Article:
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Registries are vital to providing information about a broad range of patients within a disease population, information that cannot be gained from the highly selected patient groups taking part in clinical trials. However, the quality of the registry output depends on the quality of the input, as Professor Lars Lund (Karolinska Institutet, Stockholm, Sweden), Heart Failure III Registry Chair, and Doctor Aldo Pietro Maggioni (ANMCO Research Centre, Florence, Italy), EURObservational Research Programme (EORP) Scientific Coordinator, discuss here
“There are two main aspects to registry quality. The first aspect is the internal validity of the data, which is a measure of its reliability. In a high-quality registry, the data collected should be correct and meaningful and attempts should be made to minimise the amount of missing data. The second aspect is external validity, which means that the data should be as representative of the general population as possible.” And it is this generalisability of data that Prof. Lund thinks we should focus on. “The message to investigators really is to report as many patients, with as much information, as possible. There is a certain amount of trade-off between internal and external validity; the more patients included, the more missing data likely to be encountered. Also, with a large number of patients, there is a compromise on the amount of data collected to make sure that the process remains feasible for investigators to perform. However, the most important point is that a registry must reflect the breadth of the general population, in terms of age, sex and comorbidities. It is this scope of information that is needed by the registry users, including the policy makers and clinical trial designers,” he explains.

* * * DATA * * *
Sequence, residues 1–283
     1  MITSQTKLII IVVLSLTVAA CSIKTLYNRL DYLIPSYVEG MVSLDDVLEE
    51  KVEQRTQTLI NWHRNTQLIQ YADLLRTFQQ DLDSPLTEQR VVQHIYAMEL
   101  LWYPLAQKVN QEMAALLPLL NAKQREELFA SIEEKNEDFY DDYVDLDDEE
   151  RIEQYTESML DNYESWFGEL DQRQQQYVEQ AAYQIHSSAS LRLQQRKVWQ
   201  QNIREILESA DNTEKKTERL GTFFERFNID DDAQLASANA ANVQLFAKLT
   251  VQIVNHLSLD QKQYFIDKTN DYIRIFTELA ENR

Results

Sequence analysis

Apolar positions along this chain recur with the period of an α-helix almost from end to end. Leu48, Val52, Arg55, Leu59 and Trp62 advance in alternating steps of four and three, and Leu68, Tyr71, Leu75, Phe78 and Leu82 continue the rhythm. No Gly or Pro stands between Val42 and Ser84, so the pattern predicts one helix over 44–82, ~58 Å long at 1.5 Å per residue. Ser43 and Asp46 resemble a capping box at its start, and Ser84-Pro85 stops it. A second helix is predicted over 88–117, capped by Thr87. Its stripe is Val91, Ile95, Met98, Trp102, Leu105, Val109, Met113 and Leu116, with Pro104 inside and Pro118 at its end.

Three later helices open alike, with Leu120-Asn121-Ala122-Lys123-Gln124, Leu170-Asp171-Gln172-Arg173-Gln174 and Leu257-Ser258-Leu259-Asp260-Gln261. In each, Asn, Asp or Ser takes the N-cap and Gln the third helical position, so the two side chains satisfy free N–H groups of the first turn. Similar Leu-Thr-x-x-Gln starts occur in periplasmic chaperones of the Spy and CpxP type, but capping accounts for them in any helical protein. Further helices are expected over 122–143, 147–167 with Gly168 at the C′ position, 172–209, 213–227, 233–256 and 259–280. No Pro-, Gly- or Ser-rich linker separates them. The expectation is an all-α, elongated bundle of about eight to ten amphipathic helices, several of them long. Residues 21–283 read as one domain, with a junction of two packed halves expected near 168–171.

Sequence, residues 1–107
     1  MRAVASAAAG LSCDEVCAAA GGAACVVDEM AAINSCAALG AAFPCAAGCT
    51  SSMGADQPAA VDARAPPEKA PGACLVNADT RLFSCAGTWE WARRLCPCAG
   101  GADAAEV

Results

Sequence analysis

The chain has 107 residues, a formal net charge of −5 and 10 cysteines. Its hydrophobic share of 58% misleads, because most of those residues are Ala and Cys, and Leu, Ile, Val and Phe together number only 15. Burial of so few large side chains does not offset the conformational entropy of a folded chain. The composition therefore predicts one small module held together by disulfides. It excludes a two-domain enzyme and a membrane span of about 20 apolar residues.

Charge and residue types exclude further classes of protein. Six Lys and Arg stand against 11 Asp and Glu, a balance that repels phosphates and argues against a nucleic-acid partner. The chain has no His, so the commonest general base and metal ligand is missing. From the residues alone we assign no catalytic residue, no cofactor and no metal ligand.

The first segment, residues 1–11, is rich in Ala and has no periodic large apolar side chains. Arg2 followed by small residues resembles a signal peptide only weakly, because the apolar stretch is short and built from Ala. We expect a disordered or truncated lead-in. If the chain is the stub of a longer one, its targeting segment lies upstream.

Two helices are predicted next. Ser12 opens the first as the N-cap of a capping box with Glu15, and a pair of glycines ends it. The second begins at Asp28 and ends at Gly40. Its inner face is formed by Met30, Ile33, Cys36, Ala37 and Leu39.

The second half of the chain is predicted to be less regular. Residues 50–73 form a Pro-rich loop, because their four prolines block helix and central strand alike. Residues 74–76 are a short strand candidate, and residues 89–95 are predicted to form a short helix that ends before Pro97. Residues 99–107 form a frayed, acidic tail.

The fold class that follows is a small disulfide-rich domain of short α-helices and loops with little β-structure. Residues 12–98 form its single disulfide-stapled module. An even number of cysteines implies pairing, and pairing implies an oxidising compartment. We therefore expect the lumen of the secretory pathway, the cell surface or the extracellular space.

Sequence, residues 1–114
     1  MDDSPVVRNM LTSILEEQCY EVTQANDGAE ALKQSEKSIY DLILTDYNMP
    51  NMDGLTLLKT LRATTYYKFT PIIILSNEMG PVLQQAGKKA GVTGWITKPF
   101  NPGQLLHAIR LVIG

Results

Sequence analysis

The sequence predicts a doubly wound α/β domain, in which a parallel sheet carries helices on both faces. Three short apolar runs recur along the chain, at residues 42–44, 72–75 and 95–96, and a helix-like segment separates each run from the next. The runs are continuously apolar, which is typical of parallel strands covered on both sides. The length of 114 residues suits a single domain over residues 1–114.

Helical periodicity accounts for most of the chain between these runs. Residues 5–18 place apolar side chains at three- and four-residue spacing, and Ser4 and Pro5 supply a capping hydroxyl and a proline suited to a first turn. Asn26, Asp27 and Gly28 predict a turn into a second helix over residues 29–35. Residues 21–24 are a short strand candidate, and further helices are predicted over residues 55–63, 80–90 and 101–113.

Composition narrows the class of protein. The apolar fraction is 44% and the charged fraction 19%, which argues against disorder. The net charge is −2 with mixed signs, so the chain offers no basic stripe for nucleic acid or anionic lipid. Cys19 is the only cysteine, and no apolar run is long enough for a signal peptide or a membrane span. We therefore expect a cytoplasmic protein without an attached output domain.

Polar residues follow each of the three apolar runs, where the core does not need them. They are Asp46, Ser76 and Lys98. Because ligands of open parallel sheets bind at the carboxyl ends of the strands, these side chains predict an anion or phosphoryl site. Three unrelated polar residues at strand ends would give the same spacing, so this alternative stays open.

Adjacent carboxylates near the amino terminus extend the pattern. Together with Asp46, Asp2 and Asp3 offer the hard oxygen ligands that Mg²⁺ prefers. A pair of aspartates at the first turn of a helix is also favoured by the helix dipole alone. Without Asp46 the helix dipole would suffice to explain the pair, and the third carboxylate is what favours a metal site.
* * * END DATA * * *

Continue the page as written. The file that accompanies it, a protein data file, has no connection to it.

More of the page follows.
“A registry must reflect the breadth of the general population.”
Dr. Maggioni describes what he sees as elements important in the construction of a high-quality registry. “There should be a good, clearly described scientific question to stimulate the interest of the investigators and the use of clear, simple record forms that are easy to complete and strictly focussed on the scientific aims will help to make sure that the correct information is collected.” Expanding on the point of representativeness, he says, “The geographic distribution and technological capability of the centres included must be representative. For ESC registries, the ESC Atlas of Cardiology is invaluable in helping us to identify the types of centres that are potential candidates for inclusion in a registry in each participating country.” “Finally,” continues Dr. Maggioni, “consecutiveness of data collection is essential if patient selection is to be avoided. For some hospitals, enrolling all patients may not be feasible. In such cases, hospitals can choose to restrict data collection, for example by limiting it to a period of time, such as a week or a month, or by performing it only on a certain number of days in the week.”
Both Prof. Lund and Dr. Maggioni see the main barrier to building high-quality registries as being the lack of incentives for investigators to take part in an activity that can require a considerable amount of time and energy. “We know that being a co-author on a registry publication is an attractive incentive for many investigators and we are actively working towards increasing the prospects of authorship for national and local investigators,” says Prof. Lund. Dr. Maggioni agrees, adding, “We should also focus on creating a culture of investigative research, particularly among the younger generation of doctors, that makes them want to be part of a community that works together to reduce the burden of cardiovascular disease.”
Join Prof. Lund, Dr. Maggioni and other experts at today’s session ‘Heart failure epidemiology and registries’
Monday, 11:00 – 12:30; Agora 1
Our mission: To reduce the burden of cardiovascular disease.
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